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JulianMorrison comments on LW Women- Minimizing the Inferential Distance - Less Wrong

58 Post author: daenerys 25 November 2012 11:33PM

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Comment author: MugaSofer 27 November 2012 02:02:42AM 3 points [-]

There's an element of "claiming ownership" in cat calling

Source please.

and in "how are you doing" and "smile baby" too.

So ... male passersby are "claiming ownership" of me? Great, now I'll be even more uncomfortable. (I'm male & het, if that wasn't clear.)

Comment author: JulianMorrison 27 November 2012 02:15:28AM *  -3 points [-]

Don't ask for a source of something that clearly is an interpretation of observation not a study. That's pretty clearly acting dismissively.

And you know what I mean about claiming ownership too. Those comments are said by men to women in a particular way that is more intrusive and different from the way they are said to you. You are being dismissive here too.

Comment author: evand 27 November 2012 02:09:01PM 2 points [-]

I find "source please" only somewhat dismissive, but I would find it similarly so if the claim was a more direct, less empirical one.

I read "source please" as a statement that your interpretive claim is too strong to be supported by the quantity of interpretation you have provided. There is no reason your source could not be an essay instead of a pile of data and statistics. Hopefully such an essay would make use of at least some quantity of data.

Non-obvious interpretations need justification for all the same reasons that non-obvious direct empirical claims do, and I don't think it's more or less dismissive in one case than the other to call for a source. Specifically, what I find dismissive is not the request for a source, but the failure to engage the claim otherwise. That said, I'm not sure I find it inappropriate here.

Comment author: MugaSofer 27 November 2012 02:25:23AM 1 point [-]

Don't ask for a source of something that clearly is an interpretation of observation not a study. That's pretty clearly acting dismissively.

I would like to know what evidence you have for your claims. Without evidence, yes, I'm going to dismiss them, because they fit a profile of stereotyping that, in my experience, is tied to factually wrong statements about my gender.

And you know what I mean about claiming ownership too.

I have my suspicions, but that doesn't address my point.

Those comments are said by men to women in a particular way that is more intrusive and different from the way they are said to you. You are being dismissive here too.

I was suggesting that sexual comments and greetings may have different causes. Since I receive greetings that sound similar to the ones described from people who are almost certainly not viewing me as a potential partner, it seems likely that they are received regardless of gender, unlike catcalls.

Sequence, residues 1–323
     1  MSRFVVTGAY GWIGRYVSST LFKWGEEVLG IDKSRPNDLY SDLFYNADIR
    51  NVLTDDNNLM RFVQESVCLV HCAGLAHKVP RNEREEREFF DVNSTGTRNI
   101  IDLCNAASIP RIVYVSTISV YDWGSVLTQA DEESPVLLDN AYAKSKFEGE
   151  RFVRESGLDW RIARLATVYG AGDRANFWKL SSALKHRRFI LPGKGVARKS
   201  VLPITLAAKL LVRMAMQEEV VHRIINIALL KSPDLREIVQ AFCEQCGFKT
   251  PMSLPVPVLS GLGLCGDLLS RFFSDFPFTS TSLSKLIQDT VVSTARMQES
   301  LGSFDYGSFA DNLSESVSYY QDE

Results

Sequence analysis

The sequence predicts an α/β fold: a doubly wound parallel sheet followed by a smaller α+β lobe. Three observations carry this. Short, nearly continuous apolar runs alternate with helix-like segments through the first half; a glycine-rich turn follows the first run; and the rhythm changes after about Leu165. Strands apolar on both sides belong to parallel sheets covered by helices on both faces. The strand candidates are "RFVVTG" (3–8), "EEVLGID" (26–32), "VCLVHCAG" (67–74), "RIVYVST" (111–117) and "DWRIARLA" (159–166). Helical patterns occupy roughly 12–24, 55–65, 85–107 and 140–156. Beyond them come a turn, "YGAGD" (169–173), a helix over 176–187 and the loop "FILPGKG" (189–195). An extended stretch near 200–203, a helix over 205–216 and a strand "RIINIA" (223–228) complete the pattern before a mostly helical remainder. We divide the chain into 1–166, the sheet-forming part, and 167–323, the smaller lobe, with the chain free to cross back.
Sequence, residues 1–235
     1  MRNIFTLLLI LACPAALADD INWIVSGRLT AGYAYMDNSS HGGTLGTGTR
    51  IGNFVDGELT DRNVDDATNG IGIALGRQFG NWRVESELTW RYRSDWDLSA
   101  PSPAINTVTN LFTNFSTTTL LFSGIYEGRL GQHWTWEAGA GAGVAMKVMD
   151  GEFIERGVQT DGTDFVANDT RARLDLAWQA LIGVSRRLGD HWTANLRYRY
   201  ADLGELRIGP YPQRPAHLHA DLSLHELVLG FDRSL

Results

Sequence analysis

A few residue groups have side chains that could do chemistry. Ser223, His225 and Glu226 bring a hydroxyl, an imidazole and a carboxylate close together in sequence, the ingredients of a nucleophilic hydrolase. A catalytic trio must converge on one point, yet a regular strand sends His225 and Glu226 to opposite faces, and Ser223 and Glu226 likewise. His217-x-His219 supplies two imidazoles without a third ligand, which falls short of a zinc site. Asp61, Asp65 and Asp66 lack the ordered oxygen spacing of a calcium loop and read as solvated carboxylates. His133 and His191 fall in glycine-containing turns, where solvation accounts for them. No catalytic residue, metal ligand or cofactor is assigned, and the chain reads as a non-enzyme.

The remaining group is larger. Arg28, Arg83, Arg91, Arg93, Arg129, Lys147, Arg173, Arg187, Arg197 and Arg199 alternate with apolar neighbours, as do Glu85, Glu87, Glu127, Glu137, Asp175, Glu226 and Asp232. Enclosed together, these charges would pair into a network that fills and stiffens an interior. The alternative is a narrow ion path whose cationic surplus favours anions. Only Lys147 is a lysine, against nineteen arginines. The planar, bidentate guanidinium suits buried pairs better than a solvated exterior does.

Comment author: NancyLebovitz 27 November 2012 12:44:25PM 2 points [-]

'Ownership' might be putting it too strongly, but it's definitely a claim on the other person's attention for something which is of no conceivable value to the person who's attention is being claimed.

Comment author: JulianMorrison 27 November 2012 02:32:07AM -1 points [-]

You don't have experience, and you turn away vicarious experience - the inferential distance is too large.

Comment author: MugaSofer 27 November 2012 02:43:05AM 5 points [-]

I have the experience of being a male and having other males make unsolicited greetings, which makes me uncomfortable and generally resembles what Nancy reported. Since I doubt the same phenomenon is responsible for the greetings I receive and the "catcalling"many women report, I suggested that Nancy's experiences had a different cause to regular, sexual catcalling. I may have made some sort of error, but if so I would prefer you point it out rather than baldly accuse me of a failure of empathy.

Comment author: NancyLebovitz 27 November 2012 12:48:54PM 5 points [-]

For what it's worth, every stranger who's given me an unwanted "How are you doing?" has been male, and the incidence has dropped off strikingly as I've hit menopause.

I do think there's a sexual element, and for all I know, there was one in the unwanted greetings from men that you've gotten.

However, please note that I raised the question about whether the relatively mild "How are you doing?" should be counted among catcalls. The thing that people usually complain about is more overtly sexual and/or gendered, and frequently hostile to start with or becomes hostile if rejected.

Comment author: MugaSofer 27 November 2012 05:23:07PM 3 points [-]

I wasn't trying to make any claims about catcalling, merely supplying evidence that "how are you doing" is a different phenomenon.

... I have to say, the possibility that it's sexual is there - I have long hair, long enough that I've been mistaken for female (more so before I hit puberty, of course.) But my name is used fairly often, so I suspect I'm just more recognizable than skilled at recognizing others.

Comment author: TorqueDrifter 27 November 2012 05:29:19PM 3 points [-]

my name is used fairly often

This seems like an important detail.